Playing games with nurseries
New Labour has poured cash into childcare - so why is it still such a mess?
Margaret Hodge has been scrutinised for the way in which she dealt with reports of child abuse at Islington Council in the 1980s – and for her recent description of Demetrious Panton, who was abused in the care of the council, as an ‘extremely disturbed person’. Her policies as the first ever minister for children and young people have been interrogated much less. This is a pity, because they tell an important part of the New Labour story.
The UK government has prioritised the modernisation of public services for children under five and their families. It received a lamentable inheritance from 18 years of Conservative government: the lowest levels of publicly funded childcare in Europe. Following six years of energetic reform and expenditure, the government has brought about a situation where local authority subsidised provision has, according to the Daycare Trust, ‘reduced dramatically…from providing around 30 per cent of childcare places to less than 10 percent’ (1). So how have we ended up spending substantially more government money, yet receiving substantially less from the public sector?
In 1997 the government addressed a fragmented system of education and daycare for children under five. Typically local education authorities provided nursery schools and classes, which gave children either a morning or afternoon place of two-and-a-half hours per day. Additionally, social services departments operated daycare nurseries, generally for children deemed to be ‘at risk’. The schools provided education, the daycare nurseries care and protection.
This was an old-style public service, offered without regard for what families actually needed or wanted. Central government had laid down that young children should have two-and-a-half hours a day at nursery school – so they did, regardless of local circumstances and the needs or desires of local people. Social workers decided which children needed care and protection and took them into daycare – with the assumption that they did not need the opportunities to learn and develop that were on offer in nursery classes and schools.
By 1997, both sectors had suffered many years of low investment. Once state-of-the-art post-war buildings were crumbling away, with leaky roofs and rotting window frames. There is no doubt that the New Labour government propped up a system that was on the verge of collapse. Another Conservative government might well have seen the end of state-funded centres and schools for children under five.
The nursery voucher system introduced in the final years of the Major government had been planned to give parents ‘buying power’ to exercise their choice. In reality, primary schools moved in: they could take four- and even three-year-olds into their classes and turn a nice profit, because they did not have to make much extra outlay. In general, however, primary school classes weren’t adequately designed, staffed or equipped for very young children. Attempting to create a consumer-driven market for under fives education was bad for everyone concerned, and it drove many community nurseries and state nursery schools close to bankruptcy.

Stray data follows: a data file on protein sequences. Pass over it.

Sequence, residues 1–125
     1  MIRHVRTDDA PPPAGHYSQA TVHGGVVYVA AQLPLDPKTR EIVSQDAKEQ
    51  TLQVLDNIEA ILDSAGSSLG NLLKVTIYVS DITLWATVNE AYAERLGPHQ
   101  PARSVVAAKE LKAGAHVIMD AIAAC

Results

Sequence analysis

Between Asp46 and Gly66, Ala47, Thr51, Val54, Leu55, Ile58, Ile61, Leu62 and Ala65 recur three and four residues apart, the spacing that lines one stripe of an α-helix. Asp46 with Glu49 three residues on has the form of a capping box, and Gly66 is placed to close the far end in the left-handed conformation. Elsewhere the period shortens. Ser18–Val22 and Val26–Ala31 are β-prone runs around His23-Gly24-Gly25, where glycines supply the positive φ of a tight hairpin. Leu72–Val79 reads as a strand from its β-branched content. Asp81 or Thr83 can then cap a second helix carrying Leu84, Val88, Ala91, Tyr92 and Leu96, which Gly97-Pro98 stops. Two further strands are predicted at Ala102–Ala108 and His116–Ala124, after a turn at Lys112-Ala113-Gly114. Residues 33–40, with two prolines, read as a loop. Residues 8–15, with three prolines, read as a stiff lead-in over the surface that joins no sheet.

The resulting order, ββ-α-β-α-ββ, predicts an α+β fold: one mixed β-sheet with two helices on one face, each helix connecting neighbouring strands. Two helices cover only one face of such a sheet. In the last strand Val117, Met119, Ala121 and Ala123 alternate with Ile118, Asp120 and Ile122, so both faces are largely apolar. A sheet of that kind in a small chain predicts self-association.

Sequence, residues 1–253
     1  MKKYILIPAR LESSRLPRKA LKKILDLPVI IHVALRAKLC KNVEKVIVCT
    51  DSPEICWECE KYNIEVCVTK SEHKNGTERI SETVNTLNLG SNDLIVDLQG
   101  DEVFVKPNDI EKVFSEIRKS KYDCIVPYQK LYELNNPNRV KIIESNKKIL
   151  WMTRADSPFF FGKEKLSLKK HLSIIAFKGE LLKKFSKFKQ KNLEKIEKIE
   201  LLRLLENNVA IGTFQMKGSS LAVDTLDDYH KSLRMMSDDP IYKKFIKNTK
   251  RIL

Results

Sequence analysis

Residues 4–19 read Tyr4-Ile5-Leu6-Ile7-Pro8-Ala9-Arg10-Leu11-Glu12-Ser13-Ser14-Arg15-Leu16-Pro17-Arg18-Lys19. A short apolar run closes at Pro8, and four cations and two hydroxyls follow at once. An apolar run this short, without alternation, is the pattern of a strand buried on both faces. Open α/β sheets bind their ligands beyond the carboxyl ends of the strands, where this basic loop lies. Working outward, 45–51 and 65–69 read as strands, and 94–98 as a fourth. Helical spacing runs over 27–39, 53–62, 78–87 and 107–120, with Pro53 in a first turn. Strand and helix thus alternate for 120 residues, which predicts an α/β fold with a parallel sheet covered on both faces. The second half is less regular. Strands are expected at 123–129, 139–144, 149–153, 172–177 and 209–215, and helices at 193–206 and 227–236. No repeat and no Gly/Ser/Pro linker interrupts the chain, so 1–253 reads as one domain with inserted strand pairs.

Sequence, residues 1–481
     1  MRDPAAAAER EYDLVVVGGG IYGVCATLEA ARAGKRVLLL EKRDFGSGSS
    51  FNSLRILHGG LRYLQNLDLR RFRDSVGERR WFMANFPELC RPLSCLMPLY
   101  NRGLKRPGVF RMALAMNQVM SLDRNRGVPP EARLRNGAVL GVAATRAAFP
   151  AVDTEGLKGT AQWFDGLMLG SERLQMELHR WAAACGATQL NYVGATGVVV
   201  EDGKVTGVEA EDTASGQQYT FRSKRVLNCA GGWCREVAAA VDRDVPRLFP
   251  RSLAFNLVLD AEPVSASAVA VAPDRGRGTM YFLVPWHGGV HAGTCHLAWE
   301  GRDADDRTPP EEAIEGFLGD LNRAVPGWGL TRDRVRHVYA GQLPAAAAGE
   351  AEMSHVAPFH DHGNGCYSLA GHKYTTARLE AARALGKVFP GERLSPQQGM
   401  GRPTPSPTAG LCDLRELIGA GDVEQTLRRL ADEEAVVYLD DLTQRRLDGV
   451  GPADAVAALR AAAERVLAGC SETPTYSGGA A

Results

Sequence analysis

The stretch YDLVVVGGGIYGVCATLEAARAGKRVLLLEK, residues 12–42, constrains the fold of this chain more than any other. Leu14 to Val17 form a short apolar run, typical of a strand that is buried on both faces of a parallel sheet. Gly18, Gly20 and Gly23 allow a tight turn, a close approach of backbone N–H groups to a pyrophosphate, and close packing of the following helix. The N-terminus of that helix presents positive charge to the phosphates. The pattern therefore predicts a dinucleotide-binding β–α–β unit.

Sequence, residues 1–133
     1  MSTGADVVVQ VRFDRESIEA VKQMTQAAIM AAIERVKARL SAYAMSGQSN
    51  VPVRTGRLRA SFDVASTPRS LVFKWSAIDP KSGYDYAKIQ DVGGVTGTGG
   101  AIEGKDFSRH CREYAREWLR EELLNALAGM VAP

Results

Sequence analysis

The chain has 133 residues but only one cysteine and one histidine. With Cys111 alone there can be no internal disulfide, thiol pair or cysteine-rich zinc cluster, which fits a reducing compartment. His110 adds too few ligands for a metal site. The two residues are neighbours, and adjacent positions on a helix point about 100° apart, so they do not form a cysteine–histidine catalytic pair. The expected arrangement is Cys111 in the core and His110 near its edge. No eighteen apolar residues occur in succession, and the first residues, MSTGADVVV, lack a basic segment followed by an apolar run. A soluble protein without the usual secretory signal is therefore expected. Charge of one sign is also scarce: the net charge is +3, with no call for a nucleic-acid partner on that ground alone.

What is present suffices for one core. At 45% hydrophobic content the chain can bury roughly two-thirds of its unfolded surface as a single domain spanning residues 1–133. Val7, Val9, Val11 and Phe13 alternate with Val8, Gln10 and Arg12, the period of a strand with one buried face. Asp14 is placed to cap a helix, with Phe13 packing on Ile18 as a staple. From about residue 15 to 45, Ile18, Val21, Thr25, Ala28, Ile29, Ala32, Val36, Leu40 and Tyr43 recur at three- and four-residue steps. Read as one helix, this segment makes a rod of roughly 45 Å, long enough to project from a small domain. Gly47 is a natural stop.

Although the New Labour government ended the ludicrous nursery voucher scheme, it never made a clean break from the political assumptions behind it. Faced with the reality that there were not enough daycare and education places for children in the UK, the government could have spent money on building up a large, state-run system like that of Sweden. Or it could have followed the Danish model, where one third of the education and daycare centres are funded by the state but run independently by local non-profit-making trusts. The government chose instead to follow a ‘Third Way’ and develop its own, unique strategy. Public money would continue to be routed to the private, profit-making sector. But instead of giving parents vouchers, the government gave large amounts of money straight to private nurseries through the so-called Nursery Education Grant.
The immediate effect of this subsidy was to reduce the fees paid by parents. The longer-term effect has been an unprecedented expansion of profit-making childcare businesses in the UK, propped up by government funding. At the same time, there has been a dramatic decline in the number of state-funded nursery schools and daycare centres. Big childcare businesses are booming under New Labour. Researchers at Market and Business Development predict ‘sustained strong growth’ in the nursery sector – estimating that the current meagre 10 per cent of places provided by the public sector will decline to just eight per cent by the end of the year. This figure does not simply reflect the growth of the private sector; it also shows a continuing fall in the actual numbers of local-authority-funded nursery places by four per cent over the year ahead (2).
This decline has taken place even though the government has put significant amounts of money into state-funded provision. One of the government’s first education programmes in 1997 was the establishment of a network of ‘Early Excellence Centres’ across the country, which were usually former nursery schools or daycare centres. They have received substantial additional funding from the government to bring together education, daycare and other services for families. This programme was introduced as a pilot project that would inform the whole future development of the sector. The actual outcome has been the development of an extraordinary inequality in state-funded provision. Sometimes on the same street there can be an Early Excellence Centre that receives three times more funding than another local-authority-operated centre.